Yesterday afternoon on a crowded Connecticut Avenue roundabout in our nation’s capital, Washington, D. C., a man stood holding a sign. The sign read “Bring our Troops Home” on one side and “End the War” on the other. He was not simply holding the sign, but slowly twirling it back and forth so both messages came across. I would guess his age was late 50s or early 60s and he was well-dressed, a man who would fit comfortably on Wall Street. He was not your stereotypical t-shirt labeled liberal icon, so who was he and why was he standing there? I will never know. My 30 seconds of peripheral vision, waiting for the traffic to clear, allowed only a glance. But today when I close my eyes I see him standing there.

Perhaps he was so many different possible men. He could be a father, whose son is among the 3,882 confirmed deaths of U.S. military in Iraq. Surely among the grieving fathers and mothers are many who are angry enough to spend a Sunday afternoon protesting a war that surges on one death at a time, as though success can be measured in small numbers. Perhaps he is a Quaker, who will sit solemnly this morning in meeting trying to overcome the clamor of war talk with silent prayer? Or a veteran of the Vietnam War, another time when blood paid for the political rhetoric of politicians too preoccupied with their own glory to fight themselves? Maybe he was crazy, certified under some psychiatric phobia chart as a man unwilling to deal with reality? I will never know. But does it really matter why if I can understand that there are good reasons for standing out in the cold and making such a statement?

What can one man do? He can grieve. What can one sign do? It can haunt the memory of those few passers by who read beyond the slogan to the pain. The pain of this war is like the sorrow created in any other. Patriotic rhetoric and homeland security soundbites aside, some men and women die because others are too quick to send them onto a battlefield. The daily deaths in Iraq, where the lack of security has created a climate of desperation fueling corruption and thuggery, may not be surging, but neither are they stopping. One man holding a sign can never bring the madness to a halt. Grief will continue to visit father and mothers, sisters and brothers, wives and husbands, children and friends. This is true not only for American families, but for Iraq, where an entire generation is being martyred. Those who escape the bullets or the knife will bear the scars for a lifetime.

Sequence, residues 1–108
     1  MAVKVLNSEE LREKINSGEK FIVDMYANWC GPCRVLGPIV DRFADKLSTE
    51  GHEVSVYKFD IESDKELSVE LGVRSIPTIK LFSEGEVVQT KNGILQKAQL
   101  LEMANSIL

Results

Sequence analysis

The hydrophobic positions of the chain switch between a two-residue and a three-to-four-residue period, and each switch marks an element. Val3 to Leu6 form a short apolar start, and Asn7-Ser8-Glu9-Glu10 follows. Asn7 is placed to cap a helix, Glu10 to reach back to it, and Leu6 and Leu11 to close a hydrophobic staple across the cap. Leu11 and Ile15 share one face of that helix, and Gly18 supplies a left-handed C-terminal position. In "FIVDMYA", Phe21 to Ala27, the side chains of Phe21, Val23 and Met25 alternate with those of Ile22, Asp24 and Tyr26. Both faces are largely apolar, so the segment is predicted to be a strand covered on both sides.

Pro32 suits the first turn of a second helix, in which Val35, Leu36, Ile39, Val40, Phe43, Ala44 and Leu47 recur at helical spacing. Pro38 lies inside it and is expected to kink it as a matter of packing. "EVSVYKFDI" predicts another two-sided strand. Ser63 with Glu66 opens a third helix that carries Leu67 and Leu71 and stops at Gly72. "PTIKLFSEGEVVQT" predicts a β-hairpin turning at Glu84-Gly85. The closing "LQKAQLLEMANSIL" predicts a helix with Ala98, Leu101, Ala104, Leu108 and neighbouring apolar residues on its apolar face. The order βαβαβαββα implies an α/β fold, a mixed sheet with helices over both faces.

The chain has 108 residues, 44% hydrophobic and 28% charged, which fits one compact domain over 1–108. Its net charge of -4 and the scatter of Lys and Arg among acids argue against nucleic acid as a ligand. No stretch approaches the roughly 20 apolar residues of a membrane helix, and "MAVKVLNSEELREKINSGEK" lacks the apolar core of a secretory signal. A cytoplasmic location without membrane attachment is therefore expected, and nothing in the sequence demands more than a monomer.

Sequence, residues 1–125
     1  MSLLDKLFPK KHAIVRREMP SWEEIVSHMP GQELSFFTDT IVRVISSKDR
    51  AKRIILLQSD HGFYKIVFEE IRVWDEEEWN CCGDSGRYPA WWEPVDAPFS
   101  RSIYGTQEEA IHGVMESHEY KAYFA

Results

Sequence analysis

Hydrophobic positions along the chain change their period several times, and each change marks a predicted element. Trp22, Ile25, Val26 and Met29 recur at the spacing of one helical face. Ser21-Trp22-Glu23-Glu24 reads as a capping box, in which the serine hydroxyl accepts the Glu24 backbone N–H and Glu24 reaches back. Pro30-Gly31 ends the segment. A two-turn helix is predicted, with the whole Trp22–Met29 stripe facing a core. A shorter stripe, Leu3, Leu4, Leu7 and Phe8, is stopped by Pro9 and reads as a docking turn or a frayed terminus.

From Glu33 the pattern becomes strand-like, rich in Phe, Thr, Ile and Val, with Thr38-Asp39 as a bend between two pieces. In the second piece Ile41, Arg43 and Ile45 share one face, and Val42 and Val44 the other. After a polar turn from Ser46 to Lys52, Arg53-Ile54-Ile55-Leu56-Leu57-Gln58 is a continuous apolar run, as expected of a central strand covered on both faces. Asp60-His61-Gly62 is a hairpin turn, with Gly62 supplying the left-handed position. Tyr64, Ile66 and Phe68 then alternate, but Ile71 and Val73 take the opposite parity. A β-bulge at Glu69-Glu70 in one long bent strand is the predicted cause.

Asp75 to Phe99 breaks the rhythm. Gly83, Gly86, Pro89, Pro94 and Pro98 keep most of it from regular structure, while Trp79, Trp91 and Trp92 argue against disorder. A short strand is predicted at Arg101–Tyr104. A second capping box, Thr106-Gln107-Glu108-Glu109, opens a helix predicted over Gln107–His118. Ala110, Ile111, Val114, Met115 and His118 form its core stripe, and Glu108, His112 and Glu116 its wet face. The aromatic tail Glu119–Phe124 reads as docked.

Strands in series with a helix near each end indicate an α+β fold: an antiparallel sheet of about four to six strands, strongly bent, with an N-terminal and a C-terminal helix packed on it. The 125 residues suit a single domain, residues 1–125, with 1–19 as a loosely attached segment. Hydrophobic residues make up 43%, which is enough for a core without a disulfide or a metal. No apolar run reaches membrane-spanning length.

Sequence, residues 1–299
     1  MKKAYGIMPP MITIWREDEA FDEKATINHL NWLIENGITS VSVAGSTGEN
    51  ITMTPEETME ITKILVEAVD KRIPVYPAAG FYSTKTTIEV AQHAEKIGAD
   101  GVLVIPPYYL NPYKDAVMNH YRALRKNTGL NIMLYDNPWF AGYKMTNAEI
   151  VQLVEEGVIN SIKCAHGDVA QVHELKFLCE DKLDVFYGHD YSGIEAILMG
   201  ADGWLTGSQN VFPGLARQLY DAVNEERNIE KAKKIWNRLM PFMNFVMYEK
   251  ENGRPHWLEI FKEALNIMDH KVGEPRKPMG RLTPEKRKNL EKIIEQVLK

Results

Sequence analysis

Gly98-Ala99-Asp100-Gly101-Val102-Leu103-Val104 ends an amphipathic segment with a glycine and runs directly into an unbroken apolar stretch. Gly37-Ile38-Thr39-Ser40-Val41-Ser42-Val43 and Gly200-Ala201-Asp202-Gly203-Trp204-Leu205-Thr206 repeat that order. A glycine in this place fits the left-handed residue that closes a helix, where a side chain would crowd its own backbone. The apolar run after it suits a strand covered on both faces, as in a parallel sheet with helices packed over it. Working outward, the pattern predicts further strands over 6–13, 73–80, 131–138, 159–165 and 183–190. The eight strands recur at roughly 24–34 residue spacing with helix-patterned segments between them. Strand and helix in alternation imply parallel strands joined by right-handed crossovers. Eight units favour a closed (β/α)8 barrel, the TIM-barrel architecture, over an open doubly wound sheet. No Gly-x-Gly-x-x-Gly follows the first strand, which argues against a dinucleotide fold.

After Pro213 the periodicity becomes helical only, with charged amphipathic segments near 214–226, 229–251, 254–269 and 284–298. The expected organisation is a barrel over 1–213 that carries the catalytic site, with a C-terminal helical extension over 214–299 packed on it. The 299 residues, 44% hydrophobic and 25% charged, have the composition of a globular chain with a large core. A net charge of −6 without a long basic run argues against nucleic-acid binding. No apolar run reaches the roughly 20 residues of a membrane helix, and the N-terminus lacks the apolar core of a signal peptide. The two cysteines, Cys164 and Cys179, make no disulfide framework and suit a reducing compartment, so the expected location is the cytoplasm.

This one man, who may be out holding his sign aloft again as I write this post, is our conscience. We certainly need a reminder, given the recent youtubed bluster and banter of the men and one woman who would be president. Governor and Reverend Huckabee suggests we save the Middle East in Chuck Norris style. I have no taste for such knucklehead sandwich diplomacy. I will take the one man with a sign and a message not paid for by a fistful of dollars.

Daniel Martin Varisco